Findmypast is home to the largest online collection of Irish family history records, with over 110 million records spanning centuries of Irish history. Central to our collection are Irish Parish records, the details of daily life kept – in most cases – meticulously by priests and vicars until the introduction of compulsory civil registration in Ireland in 1864.
Our latest significant addition to our Irish records includes 10 million Catholic Parish records, which will be free for everyone, forever. They join millions of Church of Ireland Parish records, representing an essential resource for more than 70 million people worldwide with Irish heritage.
Why parish records are so important: The Public Record Office fire of 1922
One of the casualties of the Irish Civil War (June 1922-May 1923) was the Public Record Office in Dublin. A fire, caused by explosives and pictured above, ravaged the building and destroyed vast swathes of Irish records.
This makes the information stored in local parishes across Ireland vital for family history researchers looking into their Irish heritage.
Our Irish Catholic Parish Registers are among the latest additions to our unrivaled collection of Irish records. Comprising 10 million records and 40 million names, the Registers span 200 years of Irish history (1670-1900) and offer incredible coverage of 97% of the country, with all 32 counties represented.
The Irish Catholic Parish Registers include baptisms and marriages, and have now been indexed for the first time, meaning you can search by name, year and place. The records will give a wide range of information that goes beyond most collections. As well as the personal details of individuals and their parents and spouses, the Irish Catholic Parish Register also give an insight into Ireland's tumultuous history, showing things like the devastating impact of the Great Famine, which saw baptism rates half within 15 years.
Details will differ slightly depending on whether the record is a baptism, marriage or burial, but a wealth of genealogical information awaits you in each record. For instance, in the baptism records, you can hope to find:
Since this record set is such a priceless resource for Irish family historians, we're making it free forever, giving you the chance to discover more than ever before about your Irish heritage.
Our Church of Ireland parish record search forms were filled out by applicants to the Public Record Office (PRO) in Ireland. These are requests to the PRO to search historical records in order to approve or deny the applications of individuals applying for the Old Age Pension, which was introduced in 1909.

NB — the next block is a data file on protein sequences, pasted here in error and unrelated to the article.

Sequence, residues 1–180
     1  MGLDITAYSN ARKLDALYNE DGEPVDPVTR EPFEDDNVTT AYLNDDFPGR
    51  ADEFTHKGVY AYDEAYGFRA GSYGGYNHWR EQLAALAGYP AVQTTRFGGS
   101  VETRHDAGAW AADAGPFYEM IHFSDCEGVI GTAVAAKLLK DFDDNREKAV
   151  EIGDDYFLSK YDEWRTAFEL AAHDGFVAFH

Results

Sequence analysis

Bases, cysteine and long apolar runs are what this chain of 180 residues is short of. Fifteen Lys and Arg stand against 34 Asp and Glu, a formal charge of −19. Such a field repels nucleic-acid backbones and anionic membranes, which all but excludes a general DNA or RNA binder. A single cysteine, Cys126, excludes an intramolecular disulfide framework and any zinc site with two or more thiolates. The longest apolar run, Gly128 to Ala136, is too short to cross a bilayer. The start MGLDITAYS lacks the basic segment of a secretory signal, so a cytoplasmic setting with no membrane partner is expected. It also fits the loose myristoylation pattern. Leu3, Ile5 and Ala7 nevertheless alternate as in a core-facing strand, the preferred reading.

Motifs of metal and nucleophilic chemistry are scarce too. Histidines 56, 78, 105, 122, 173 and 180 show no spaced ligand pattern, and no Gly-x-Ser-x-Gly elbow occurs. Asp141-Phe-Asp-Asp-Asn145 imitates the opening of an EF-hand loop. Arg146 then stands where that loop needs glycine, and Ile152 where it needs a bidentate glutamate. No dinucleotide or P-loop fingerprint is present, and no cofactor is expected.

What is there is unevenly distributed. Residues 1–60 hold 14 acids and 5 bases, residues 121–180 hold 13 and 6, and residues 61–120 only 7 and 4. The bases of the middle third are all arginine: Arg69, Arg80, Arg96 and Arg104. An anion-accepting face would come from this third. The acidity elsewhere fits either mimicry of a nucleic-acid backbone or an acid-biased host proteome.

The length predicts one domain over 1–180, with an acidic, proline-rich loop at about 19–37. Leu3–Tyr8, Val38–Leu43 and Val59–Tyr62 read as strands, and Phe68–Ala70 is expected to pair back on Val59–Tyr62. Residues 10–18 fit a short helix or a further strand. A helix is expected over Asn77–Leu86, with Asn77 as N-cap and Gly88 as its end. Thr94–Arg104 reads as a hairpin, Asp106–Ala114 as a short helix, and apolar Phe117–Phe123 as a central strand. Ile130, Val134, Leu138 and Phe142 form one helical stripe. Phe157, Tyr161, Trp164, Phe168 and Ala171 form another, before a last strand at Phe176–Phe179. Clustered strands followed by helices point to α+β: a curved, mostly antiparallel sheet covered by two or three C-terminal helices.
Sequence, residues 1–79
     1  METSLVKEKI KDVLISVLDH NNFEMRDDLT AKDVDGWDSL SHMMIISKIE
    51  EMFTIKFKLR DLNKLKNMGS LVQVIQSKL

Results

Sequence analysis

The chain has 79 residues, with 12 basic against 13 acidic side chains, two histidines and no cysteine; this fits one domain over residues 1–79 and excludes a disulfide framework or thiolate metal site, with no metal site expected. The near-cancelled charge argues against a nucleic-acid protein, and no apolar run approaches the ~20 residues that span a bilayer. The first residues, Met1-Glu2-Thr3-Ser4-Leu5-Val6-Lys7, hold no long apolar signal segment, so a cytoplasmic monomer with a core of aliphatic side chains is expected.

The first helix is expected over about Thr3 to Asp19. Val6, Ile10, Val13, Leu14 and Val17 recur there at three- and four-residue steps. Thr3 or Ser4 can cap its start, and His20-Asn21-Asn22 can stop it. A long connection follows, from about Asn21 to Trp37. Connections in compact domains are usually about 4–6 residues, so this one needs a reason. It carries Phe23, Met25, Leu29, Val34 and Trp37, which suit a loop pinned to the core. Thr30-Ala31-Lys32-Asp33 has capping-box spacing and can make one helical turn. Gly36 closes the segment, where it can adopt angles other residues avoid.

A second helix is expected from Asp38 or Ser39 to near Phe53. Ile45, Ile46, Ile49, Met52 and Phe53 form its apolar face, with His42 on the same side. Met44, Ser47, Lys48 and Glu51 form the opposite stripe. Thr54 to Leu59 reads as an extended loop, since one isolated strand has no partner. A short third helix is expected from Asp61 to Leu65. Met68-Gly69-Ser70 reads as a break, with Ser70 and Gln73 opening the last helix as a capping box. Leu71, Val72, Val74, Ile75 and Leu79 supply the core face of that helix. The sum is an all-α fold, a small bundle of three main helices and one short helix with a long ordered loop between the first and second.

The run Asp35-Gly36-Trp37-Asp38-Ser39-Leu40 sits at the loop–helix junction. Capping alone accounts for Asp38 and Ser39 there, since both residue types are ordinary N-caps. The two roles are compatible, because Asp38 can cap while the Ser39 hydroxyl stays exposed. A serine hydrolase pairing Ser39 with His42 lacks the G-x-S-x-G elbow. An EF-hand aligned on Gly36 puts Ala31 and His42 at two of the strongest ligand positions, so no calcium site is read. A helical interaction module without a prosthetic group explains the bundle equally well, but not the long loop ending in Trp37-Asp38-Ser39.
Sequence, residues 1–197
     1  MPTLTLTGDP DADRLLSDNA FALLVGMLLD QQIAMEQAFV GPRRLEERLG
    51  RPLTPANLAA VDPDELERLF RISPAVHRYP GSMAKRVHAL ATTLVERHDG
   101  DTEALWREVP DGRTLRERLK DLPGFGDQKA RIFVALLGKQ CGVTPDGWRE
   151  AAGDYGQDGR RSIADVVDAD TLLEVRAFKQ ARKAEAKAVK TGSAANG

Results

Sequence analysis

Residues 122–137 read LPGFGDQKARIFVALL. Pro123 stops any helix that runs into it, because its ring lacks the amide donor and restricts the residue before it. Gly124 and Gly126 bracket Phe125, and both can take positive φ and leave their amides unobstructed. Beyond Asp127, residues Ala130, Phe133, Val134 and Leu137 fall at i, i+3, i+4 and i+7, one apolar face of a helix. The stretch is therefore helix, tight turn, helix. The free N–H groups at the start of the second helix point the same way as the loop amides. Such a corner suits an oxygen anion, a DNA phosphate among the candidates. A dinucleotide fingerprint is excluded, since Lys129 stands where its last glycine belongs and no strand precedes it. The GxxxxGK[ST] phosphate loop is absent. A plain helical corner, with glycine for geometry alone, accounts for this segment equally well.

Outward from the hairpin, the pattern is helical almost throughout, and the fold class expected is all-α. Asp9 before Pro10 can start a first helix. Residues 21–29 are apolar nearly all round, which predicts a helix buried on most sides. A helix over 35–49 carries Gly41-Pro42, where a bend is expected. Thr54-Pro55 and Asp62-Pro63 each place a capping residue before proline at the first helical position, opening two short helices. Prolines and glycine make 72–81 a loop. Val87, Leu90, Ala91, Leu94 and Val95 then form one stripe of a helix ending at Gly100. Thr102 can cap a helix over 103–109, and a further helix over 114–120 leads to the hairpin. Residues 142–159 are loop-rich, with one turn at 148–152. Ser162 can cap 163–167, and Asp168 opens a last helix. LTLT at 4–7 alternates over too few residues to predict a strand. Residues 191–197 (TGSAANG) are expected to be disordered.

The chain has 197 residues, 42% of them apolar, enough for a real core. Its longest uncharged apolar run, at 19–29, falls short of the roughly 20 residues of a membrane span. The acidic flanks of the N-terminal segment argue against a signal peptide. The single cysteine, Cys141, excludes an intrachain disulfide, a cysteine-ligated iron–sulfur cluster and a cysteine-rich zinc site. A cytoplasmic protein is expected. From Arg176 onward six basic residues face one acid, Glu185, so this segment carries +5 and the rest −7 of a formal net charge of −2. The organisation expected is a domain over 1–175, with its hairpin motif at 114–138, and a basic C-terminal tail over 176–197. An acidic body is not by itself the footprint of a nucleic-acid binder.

Since civil registration only became mandatory in Ireland in 1864, a number of claimants' records would only have been kept in their local parish archives, and so the parish record search forms form a part of the paperwork for PRO staff looking to grant state pensions to the people for whose records they were searching.
These parish record search forms are on Findmypast as transcripts and images, and contain a number of fields filled in by the person applying for the search to be carried out by the PRO, including:
The fact that a number of these search forms were completed after the fire of 1922 means that they can provide information on records that no longer exist, as PRO staff searched what was left of their archives using the details provided by applicants, which often includes the names and addresses of solicitors and professional genealogists dealing with probate claims.
Fermanagh Parish Registers
Our Fermanagh Parish Registers are parish records taken from the archives of 189 townlands in Devenish parish, County Fermanagh, Northern Ireland. Some of the townlands in Devenish parish cover the nearby counties of Cavan, Monaghan, Sligo and Donegal.
This record set includes baptism, marriage and burial records, each of which providing a great depth of insight into your relatives' lives. For example, the Fermanagh Parish Registers Baptisms record set includes:
Aside from including the all-important mother's maiden name, these records also have a comments section that covers anything from father's profession to whether the child was born out of wedlock.
The set covers 1796-1873. If you have family from the Ulster region, you may find them here.